Over the course of the past year the roads in town have weathered blizzards, floods, near tornados and even a minor earthquake.
Taking all Mother Nature could throw at them, Township Engineer William Nunziato said thanks to improvements in technology and a combined effort with the Department of Public Works the damage has been contained through constant work on the roads.
The weather he said, is one of the biggest challenges faced by the roads and the road crews in addition to the use of the roads. "One is just the routine maintenence which is our in house stuff," he said. "You still need the trucks, you still need the equipment, you still need the manpower. We can deal with the potholes, we can deal with the smaller jobs but then the larger jobs you have to go out to bid."
And while the regular maintenance can be predicted in some instances, there are others where it is done on a case-by-case basis. "The challenge is really knowing you have a limited budget and trying to predict and forecast where am I going to get the most bang for my buck," Nunziato said. "Generally we need to keep up with Mother Nature on a limited budget."
Part of the reason for the success with the roads has been a collaborative effort with the Center for Advanced Infrastructure and Transportation (CAIT) at Rutgers University. With their help more than 480 lane miles of township roads have been assessed and put into a database to determine which need the most work and which can wait.
That 480 miles Nunziato said, does not include the county and state roads that also run through the township but is enough to keep his department busy. "There's a tremendous amount of roads," he said. And with all those roads, Nunziato said there have always been questions about how to decide which roads to work on. Thanks to the CAIT program he said they have their answer.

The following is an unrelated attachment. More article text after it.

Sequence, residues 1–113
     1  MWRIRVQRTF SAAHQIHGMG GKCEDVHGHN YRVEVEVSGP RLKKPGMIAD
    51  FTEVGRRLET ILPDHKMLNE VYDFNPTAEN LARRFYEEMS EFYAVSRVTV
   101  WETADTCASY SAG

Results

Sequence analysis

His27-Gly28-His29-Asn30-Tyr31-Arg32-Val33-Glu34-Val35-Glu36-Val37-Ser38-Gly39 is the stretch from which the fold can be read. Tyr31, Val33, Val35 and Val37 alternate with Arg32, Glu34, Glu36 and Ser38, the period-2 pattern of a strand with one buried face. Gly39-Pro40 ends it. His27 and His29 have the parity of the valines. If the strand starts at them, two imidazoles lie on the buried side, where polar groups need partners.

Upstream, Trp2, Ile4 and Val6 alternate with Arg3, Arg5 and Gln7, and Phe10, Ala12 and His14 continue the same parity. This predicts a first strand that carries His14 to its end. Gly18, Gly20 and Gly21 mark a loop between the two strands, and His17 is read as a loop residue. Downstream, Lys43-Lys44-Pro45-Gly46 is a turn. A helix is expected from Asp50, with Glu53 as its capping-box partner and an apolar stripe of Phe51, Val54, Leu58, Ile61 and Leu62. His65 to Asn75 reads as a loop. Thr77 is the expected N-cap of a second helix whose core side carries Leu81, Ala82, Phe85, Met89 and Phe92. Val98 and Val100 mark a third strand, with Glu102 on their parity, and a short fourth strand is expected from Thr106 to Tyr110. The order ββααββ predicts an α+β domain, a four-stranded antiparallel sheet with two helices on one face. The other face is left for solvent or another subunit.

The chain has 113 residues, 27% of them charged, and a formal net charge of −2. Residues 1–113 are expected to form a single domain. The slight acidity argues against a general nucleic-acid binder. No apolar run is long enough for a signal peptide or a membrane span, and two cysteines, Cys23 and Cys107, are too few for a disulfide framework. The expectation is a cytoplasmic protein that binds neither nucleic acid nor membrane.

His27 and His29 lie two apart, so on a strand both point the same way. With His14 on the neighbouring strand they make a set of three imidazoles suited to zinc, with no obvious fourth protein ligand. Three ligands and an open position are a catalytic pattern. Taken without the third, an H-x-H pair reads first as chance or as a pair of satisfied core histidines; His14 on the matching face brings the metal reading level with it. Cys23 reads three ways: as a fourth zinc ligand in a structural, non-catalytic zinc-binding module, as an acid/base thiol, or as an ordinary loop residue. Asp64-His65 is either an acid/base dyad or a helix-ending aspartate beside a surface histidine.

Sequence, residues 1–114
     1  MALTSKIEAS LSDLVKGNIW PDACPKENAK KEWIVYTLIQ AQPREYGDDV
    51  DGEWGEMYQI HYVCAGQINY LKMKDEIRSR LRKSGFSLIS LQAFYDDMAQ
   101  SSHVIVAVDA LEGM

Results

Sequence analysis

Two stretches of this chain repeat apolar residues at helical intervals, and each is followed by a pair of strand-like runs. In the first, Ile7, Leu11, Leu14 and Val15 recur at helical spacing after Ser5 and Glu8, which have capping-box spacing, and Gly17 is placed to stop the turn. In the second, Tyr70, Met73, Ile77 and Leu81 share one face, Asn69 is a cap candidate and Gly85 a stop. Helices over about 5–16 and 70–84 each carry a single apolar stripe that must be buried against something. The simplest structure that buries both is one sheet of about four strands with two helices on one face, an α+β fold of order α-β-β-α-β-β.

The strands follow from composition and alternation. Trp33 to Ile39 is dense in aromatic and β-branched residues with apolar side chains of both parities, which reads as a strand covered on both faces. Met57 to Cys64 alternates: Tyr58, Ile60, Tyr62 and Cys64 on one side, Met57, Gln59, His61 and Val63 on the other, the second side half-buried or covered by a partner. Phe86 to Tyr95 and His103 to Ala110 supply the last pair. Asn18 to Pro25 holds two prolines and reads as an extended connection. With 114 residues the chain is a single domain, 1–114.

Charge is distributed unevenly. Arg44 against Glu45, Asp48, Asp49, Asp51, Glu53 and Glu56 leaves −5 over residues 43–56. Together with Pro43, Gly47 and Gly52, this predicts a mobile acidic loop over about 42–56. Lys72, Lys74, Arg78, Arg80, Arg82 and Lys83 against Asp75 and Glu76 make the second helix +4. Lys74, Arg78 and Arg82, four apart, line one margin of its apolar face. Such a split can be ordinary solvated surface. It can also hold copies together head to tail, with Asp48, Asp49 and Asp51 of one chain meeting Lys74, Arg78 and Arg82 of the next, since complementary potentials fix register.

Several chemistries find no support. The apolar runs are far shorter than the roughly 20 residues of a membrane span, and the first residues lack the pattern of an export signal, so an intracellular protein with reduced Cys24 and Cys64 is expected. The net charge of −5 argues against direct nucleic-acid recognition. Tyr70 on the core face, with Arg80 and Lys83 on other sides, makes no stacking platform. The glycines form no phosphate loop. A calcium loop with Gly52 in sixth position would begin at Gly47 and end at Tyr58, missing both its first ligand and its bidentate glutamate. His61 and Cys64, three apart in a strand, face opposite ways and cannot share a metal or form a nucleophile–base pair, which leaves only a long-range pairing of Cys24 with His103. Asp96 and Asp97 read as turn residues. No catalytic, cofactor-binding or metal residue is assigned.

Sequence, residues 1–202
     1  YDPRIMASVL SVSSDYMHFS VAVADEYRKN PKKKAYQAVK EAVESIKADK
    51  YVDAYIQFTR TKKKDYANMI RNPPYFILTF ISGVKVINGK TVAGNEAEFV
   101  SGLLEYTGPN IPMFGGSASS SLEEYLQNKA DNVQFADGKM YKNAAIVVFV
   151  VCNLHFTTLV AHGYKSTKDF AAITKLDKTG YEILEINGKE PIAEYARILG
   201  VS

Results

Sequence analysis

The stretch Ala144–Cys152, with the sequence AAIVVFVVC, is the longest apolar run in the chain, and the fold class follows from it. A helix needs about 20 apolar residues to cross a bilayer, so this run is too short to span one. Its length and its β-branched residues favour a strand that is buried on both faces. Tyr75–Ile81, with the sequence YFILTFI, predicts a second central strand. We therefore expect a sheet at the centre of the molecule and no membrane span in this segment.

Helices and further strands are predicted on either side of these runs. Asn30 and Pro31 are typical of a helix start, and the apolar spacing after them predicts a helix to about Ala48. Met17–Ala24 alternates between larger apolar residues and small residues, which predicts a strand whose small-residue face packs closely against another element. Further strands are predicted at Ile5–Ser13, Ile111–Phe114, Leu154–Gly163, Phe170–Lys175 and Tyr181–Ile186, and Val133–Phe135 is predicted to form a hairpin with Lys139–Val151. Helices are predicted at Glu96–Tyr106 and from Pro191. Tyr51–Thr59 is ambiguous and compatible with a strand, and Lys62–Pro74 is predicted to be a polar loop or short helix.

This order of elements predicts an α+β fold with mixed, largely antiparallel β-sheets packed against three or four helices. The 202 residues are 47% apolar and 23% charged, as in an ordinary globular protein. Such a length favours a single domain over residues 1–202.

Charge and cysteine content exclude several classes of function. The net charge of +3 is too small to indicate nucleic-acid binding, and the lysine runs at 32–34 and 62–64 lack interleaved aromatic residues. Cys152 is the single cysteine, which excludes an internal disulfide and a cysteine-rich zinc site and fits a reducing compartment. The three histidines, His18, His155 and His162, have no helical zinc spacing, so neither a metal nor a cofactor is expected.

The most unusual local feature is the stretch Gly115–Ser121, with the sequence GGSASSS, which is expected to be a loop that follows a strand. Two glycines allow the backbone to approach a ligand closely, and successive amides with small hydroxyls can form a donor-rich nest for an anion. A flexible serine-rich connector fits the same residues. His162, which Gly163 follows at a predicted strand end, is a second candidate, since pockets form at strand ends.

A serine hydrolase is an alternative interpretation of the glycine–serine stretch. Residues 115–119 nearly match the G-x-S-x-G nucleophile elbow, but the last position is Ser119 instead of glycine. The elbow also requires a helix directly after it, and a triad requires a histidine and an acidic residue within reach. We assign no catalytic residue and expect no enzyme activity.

The CAIT program breaks the roads into three ranges. Those that are really bad, those that are in the middle and those that are in good shape. And with those three ranges come three different prices for their repair work. Nunziato said rather than only putting money into the really bad roads, they can now split the money to help more roads. "If you take the traditional approach of worst is first you're always spending your money on fixing the really really bad ones, but the ones that are new deteriorate over time," he said. "Now we're maintaining the newer ones, taking care of the mid range ones and also fixing some of the really bad ones."
Another reason for looking at the new technologies, he said, is that as with everything else in life, the materials they use are more expensive than they were in the past. "Knowing that there's newer technologies out there that were not out there before we try to economize," he said. One of those new technologies is called Full Depth Reclamation where the DPW can put down a layer of concrete under the pavement to help with the roads overall stability.
Nunziato said that while this method has been used in other areas, it is a new technique for the Garden State. "Out west where you have miles and miles of road they routinely just grind all that up and redo it," he said. "In a town like this it has its uses and its benefits. You're not going to do it on Route 9 on Aldrich Rd. or a road that's got thousands and thousands of cars. If you have a rural road in an area where there's not a lot of traffic and you've got this much black top and then just some sandy material beneath it I can't mill two inches." He said the FDR is a cheaper process that should help the township's efforts in the long run.
Even with all the roads the township has Nunziato said over the past 15 years a lot of work has been done to keep them as clean and passable as possible for drivers. Since 1995 Nunziato said 196 roads have been repaired at a total cost of approximately $14.8 million.
The engineer said that while the new technology has helped them to decide how to spend the money they have on road improvement projects, it also helps make the human element of the job easier. "We can justify saying to somebody your road was here and now it's here," he said. "It's difficult because some of the roads are in worse condition, but when you look at it from a traffic standpoint is it economical for me to spend $100 thousand for a road that has six cars versus a road that's in better shape that has 60 thousand cars.
For those residents with questions about the roadways in town Nunziato said the best way to handle them is to file a Q Alert with the township.